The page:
“We’re really trying to target new and beginning agricultural operations because we feel they run the greatest risk of failure as a result of drought,” O’Neill says. “We look at what these operations can do in advance to make them more secure when a drought hits. If you can prepare farmers in advance, then when drought occurs, they’re not dealing with mitigation or lost crops, they will be able to weather the drought and be successful.”

The first step in the project involved review of the operations, followed by a site visit. Then the team installed a water meter at each site. The meter information is easily managed by farmers through an innovative text messaging data collection method developed by Nicholas Hanna, computer programmer with the College’s Office of Communications. The program allows operators to check their meter reading once weekly, quickly send the results via text messaging and receive a confirmation of their submission.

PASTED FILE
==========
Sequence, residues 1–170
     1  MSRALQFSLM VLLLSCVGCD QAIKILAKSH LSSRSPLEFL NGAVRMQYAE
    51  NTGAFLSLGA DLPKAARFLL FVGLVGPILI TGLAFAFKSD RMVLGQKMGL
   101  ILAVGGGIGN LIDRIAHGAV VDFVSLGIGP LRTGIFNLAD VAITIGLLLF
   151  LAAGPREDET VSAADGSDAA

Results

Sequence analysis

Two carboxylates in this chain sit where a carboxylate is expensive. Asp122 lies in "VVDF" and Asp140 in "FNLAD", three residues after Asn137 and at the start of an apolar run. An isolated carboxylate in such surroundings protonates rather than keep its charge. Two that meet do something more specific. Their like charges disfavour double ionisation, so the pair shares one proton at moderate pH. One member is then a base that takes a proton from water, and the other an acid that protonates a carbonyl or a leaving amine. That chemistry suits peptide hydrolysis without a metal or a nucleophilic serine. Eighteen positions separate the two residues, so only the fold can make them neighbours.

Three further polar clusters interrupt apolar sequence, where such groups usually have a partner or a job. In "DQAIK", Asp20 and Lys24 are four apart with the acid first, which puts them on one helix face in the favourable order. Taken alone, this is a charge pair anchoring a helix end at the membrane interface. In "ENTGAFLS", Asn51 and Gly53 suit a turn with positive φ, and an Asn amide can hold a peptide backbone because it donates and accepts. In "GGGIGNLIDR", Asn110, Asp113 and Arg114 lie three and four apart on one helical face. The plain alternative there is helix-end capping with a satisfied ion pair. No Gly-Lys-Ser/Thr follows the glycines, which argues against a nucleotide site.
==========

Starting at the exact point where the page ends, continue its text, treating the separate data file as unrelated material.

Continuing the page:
The readings are entered into a database associated with their number and farm name. By season’s end, the team will chart water usage tied to climate variables such as precipitation and wind, and will then review current watering practices and help owners develop strategies that manage water usage and prepare for drought conditions.

The NRCS will also use this data to help farmers access water saving strategies and equipment.

“In the end, we will be directing them to NRCS for financial assistance to implement conservation practices,” says Harris. The NRCS financial assistance programs are designed to help agricultural producers maintain and improve their water program in areas such as soil management and irrigation efficiency.

Some seventy-five agricultural producers have expressed interest in the program thus far, with the number growing weekly. To join the program, farmers complete a water use survey available online. A member of the team will conduct a field site visit. “If farmers are interested in getting a meter, we want to hear from them,” says O’Neill.